Right now, Americans across the country are looking at the extreme evil that emanated out of the El Paso shooter, which led to the death of at least 22 innocent civilians, and wondering how we as a nation can move on and improve from the tragedy. "How could somebody be so evil?," many question. But from this shooting comes the opportunity for America to look at what a true man looks like in the example set forth by Christopher Grant. Grant is an El Paso survivor who distracted the Walmart shooter and risked his own life in an attempt to save others. In the following CNN interview, Grant displayed humility, love, sacrifice, and exemplified what it means to be a real man as well as why fathers are so important in society.
"I think that any man who's a man would have done that," Grant told CNN's Chris Cuomo from his hospital bed.
El Paso survivor to CNN from his hospital bed:— Caleb Hull (@CalebJHull) August 6, 2019
I wish my mother brought her revolver with her that day. pic.twitter.com/iXtcMwSQ6E
That "that" Grant is referring to was the action he took on Saturday, August 3.
"I saw him standing in the parking lot..and I saw him popping people off," Grant said of the shooter. "And I was inside the produce department which is right by the front door...So to deter him I started just chucking bottles, random bottles at him. And I'm not a baseball player, so one went this way one went that way. And then one went right towards him and then that's when he saw me."
"And I ducked, I was behind the chips...and he just 'boop boop boop' started firing off rounds at me," he added. "So when I got hit it was like somebody put a hand grenade in my back and then pulled the pin. That's what it felt like."
Just prior to that, Grant told Cuomo that he at first ran to his mother who typically always has a firearm for self-defense. But that day she did not.
"I heard gunshots, and I knew what it was. So I ran towards my mother to try and shield her, so I'm like 'Mom!' -- cause my mom she's a gun-wielding Grandma. She carries a snubnosed Smith and Weston .38 special with a built-in scope in it., everywhere she goes."
"Not that day?" Chris Cuomo responds.
"An hour before we go to Walmart, she decided 'Oh, We're just going to Walmart. I'm going to put in my room. So when I went to her, no gun. And I'm like 'Oh my God, you gotta be kidding be me. and then she took off and it was chaos.
Grant was so close to the carnage that he could hear the prayers of the victims. Many of these individuals were of Hispanic descent. They were the target of the hate-filled white supremacist domestic terrorist simply because of the color of their skin.
"I mean people were praying in Spanish, 'por favor no. no, por favor no.' And they were on the ground, and he still just shot them in the head. I mean I'm from El Paso and I know Spanish and they were praying 'please, please don't shoot me' and he just had no remorse."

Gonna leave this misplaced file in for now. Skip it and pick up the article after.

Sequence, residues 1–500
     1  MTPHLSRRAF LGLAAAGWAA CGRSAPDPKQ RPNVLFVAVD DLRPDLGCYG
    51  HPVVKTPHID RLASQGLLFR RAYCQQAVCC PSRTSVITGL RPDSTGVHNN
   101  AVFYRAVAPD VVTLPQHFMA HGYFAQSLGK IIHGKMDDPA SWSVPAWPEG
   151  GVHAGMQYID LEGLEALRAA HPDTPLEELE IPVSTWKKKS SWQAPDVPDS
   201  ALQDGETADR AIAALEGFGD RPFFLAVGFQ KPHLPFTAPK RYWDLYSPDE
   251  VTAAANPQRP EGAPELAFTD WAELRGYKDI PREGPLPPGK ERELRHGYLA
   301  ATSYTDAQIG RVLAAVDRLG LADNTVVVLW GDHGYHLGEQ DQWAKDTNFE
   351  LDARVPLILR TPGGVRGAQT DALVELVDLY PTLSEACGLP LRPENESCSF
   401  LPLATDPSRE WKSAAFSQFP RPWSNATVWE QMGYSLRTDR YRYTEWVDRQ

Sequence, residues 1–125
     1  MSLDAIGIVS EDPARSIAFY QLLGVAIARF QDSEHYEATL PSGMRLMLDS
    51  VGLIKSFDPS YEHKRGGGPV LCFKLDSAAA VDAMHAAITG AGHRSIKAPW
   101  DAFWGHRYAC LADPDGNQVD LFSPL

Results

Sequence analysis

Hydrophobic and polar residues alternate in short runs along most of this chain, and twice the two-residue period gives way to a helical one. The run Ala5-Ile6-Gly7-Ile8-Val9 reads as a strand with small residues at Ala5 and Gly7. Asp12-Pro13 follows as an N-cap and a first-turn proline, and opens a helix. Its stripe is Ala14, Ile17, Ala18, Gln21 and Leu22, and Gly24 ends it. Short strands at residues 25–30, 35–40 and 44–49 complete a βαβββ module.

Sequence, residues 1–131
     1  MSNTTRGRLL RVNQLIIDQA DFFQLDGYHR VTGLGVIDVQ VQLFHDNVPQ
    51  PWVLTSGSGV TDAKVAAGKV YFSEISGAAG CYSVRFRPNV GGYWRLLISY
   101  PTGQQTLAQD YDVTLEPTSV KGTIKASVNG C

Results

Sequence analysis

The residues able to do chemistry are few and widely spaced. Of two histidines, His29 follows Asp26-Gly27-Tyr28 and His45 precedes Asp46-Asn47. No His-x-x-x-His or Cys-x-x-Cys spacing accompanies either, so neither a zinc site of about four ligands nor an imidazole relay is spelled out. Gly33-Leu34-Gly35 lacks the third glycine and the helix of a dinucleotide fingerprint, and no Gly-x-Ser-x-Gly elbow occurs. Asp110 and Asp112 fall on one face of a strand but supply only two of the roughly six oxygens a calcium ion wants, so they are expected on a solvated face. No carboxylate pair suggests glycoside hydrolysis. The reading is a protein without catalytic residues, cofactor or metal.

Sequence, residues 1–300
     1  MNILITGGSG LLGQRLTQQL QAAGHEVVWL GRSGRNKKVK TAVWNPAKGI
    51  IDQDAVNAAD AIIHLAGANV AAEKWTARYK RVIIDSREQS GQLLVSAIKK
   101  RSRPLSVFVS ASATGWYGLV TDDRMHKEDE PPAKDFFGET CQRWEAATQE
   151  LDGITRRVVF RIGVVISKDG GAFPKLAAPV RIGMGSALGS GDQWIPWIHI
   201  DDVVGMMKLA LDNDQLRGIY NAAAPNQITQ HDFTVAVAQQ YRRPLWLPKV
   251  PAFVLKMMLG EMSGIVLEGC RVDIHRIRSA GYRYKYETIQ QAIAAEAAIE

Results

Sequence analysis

Grant managed to run away and seek shelter, despite being wounded. That's when he found who he says is his guardian angel.
"Then I finally found the auto department, and so I ran through the auto department door. And there was Donna, my guardian angel. And she's a federal agent,"
"CBP," Cuomo stated.
"...She went to work, and did her job, and patched me and took me to shelter, and covered me and just did all these things she was paid to do, that's her job. And she said the same thing my mom said, 'I'm going to Walmart, I don't need my firearm.' And so she didn't have her gun with her. She'll be a friend for life...I honestly think she saved my life. I really do. She was there for me and never left my side."
Grant, whose warmth in his heart shines even as he struggles in his hospital gown, then apologizes for crying.
"I don't mean to be a sissy and cry...I'm just sorry...I believe in God, I'm a firm believer in God. But I don't think I deserved to live like some of those children deserved to die...I really don't."
"It's just not fair. It's not fair. I mean one little girl saw her parents get killed right in front of her...I mean why you kill an innocent..." How much hate in your heart do you have to have to do that?"
"And then to come to find out he did it because 'oh, he had a vendetta against Mexicans?' Have you ever spent any time in this town? Anybody here would help you if you didn't even know them. I mean this is such a great, great city. It's a beautiful city."
When asked if he could appreciate the fact that what he did was amazing, Grant’s response was nothing but humble.
"I think a lot of men would have done that," he told Cuomo.
When the CNN anchor asked Grant what it says about him that he actually did that, the hero gave all the credit in the world to his father.
"It says that my father raised me that way. My father raised me to help people. He was in the Airforce. He was a great man, If I could be half the man that my dad was then, I could be a great man too. But I'm not/ I just want to be half the man he was."
Again, Grant insisted that he simply did what any good man would do.
"I can't believe people just...I mean we're men, man. You know? That's what men do, right?
"I won't accept [gratitude] I just did what any good man would have done, that's all...I can't take credit for anything because 22 people died. If I could trade my life for that little girl's life that I saw killed, I would do it ina second."
This interview reminds America that a true man, not a twisted, deranged individual like the El Paso shooter, selflessly sacrifices himself for others and refuses to take credit for simply doing what must be done. Grant also reminded us of the importance of fathers to set good examples for their children, for it is the lessons passed down from our dads which form the moral conscience of the next generation. When those dads pass on true masculine strength as Grant clearly displays, then families and communities are the better off for it. Christopher Grant is an American hero.